Shannon Clarke

, BComm, CGA

Phone: 250-845-3221

Building Tomorrow

Fax: 250-845-3250 email: 2005 Nadina Avenue

RCMP investigate theft, assaults and vehicle incidents

By Jackie Lieuwen Houston Today

A male shoplifter was reported to police for stealing $125 pair of shoes from a shoe display at the Houston Mall on April 5 at 2:30 p.m. RCMP Sgt. Rose says police looked but did not find the suspect, but police know the suspect and are still investigating the case. *** Police got report of an attempted fraud at 8:30 p.m. April 5. Sgt. Rose says the complainant got an unsolicited phone call from a male claiming to be their favourite grandson in jail and in need of $2,500 for bail. The fraud was recognized and the complainant hung up and called police, said Sgt. Rose. Sgt. Rose reminds people that if someone is in jail and needs bail, it will be a police officer who contacts people to explain the situation, not the individual. *** Police were called

at 3 a.m. April 6, to assist the B.C. Ambulance at 2035 Sullivan Way, where they had been called to treat a male with breathing problems, Sgt. Rose said. Police came to separate a fight that broke out between six people in the apartment, Sgt. Rose said. He says that the people were uncooperative with police so no charges were pursued. *** At 5:45 a.m. April 6, police got report of a possible assault happening at the Hagman Crescent and Pearson Road intersection. Sgt. Rose says the complainant was intoxicated and was one of the people from the fight police broke up a few hours earlier. P o l i c e investigated the assault report and found it unfounded and the complainant was transported to a friend’s home, said Sgt. Rose. *** Just after 5 p.m. April 6, police got report of a possible

impaired driver heading eastbound from Telkwa to Houston. Sgt. Rose says they got a license plate number and found and stopped the vehicle on Highway 16 near the Morice River Road intersection. Police noticed a smell of alcohol and demanded a roadside screen which the driver failed, Sgt. Rose said, adding that they granted the driver a second test which they also failed. The driver was issued a 90-day driving prohibition and the vehicle was impounded for 30 days, said Sgt. Rose. *** Police got report of two ATVs driving at high speeds in the Chestnut and Hazel Street area at 6:30 p.m. April 6. Sgt. Rose says police attended but could not find the ATVs or the drivers. *** At 1:30 p.m. April 6, police got report of mischief near 2035 Sullivan Way, where a vehicle owner claimed to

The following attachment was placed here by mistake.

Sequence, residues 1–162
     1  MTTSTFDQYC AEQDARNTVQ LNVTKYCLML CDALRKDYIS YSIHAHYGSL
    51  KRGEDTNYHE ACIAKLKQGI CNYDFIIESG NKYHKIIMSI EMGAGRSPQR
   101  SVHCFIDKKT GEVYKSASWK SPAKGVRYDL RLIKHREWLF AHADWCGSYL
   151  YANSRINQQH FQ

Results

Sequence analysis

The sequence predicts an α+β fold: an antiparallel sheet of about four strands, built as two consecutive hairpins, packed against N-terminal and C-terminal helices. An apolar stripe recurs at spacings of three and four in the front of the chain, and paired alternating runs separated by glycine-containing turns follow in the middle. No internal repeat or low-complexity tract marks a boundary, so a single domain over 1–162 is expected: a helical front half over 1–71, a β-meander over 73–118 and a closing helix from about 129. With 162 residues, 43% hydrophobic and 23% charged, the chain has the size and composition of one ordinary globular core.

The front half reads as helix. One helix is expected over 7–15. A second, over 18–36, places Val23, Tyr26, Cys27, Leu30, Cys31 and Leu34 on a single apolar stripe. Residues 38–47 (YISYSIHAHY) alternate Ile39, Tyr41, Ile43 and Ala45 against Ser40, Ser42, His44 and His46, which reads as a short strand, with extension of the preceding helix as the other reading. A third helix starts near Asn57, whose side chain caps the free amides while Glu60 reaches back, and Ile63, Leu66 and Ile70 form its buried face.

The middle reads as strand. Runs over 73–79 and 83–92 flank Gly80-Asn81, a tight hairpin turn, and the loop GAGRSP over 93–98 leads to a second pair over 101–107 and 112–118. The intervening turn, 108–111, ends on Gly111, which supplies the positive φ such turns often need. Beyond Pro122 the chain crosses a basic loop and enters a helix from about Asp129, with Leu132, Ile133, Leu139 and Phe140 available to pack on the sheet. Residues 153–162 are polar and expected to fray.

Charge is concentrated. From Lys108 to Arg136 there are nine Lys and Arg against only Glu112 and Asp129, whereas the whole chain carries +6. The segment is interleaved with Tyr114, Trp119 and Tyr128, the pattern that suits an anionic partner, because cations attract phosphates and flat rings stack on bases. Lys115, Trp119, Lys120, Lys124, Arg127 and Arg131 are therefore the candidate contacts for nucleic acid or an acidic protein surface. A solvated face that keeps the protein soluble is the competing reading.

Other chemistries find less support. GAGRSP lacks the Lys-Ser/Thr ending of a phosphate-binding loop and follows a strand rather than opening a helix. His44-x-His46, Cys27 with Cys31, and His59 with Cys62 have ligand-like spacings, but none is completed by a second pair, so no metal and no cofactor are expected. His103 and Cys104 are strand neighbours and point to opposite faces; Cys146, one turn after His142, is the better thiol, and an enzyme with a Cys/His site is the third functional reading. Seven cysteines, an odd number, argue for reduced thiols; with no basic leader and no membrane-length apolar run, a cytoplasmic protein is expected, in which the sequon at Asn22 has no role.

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Houston Today


have found their rear window broken. Sgt. Rose said police investigated and found that the complainant had actually broken the window themselves. Police warned the person that making a false report to police is a criminal offence. *** At 9 p.m. April 7, police on routine patrol saw a male in the middle of the road at Mountainview Drive and Hagman Crescent. Sgt. Rose says police found that the male had not been taking prescribed medication, arrested him under the Mental Health Act, and brought him to the Smithers hospital for evaluation. *** At 10 a.m. April 8, police found an abandoned vehicle on Highway 16 near Barrett Station Road. Sgt. Rose says police left the vehicle because it was legally parked and tried to contact the owner, but towed the vehicle April 11 after the insurance expired and the owner was not reached. *** A vehicle collided with a deer on Highway 16 near Knockholt Loop Road at 9:15 p.m. April 9, but no one was injured in the accident, said Sgt. Rose. *** Police got report of a blue Pontiac Sunfire driving erratically and stunting near Sixth Street at 10:30 p.m. April 9, but they patrolled and could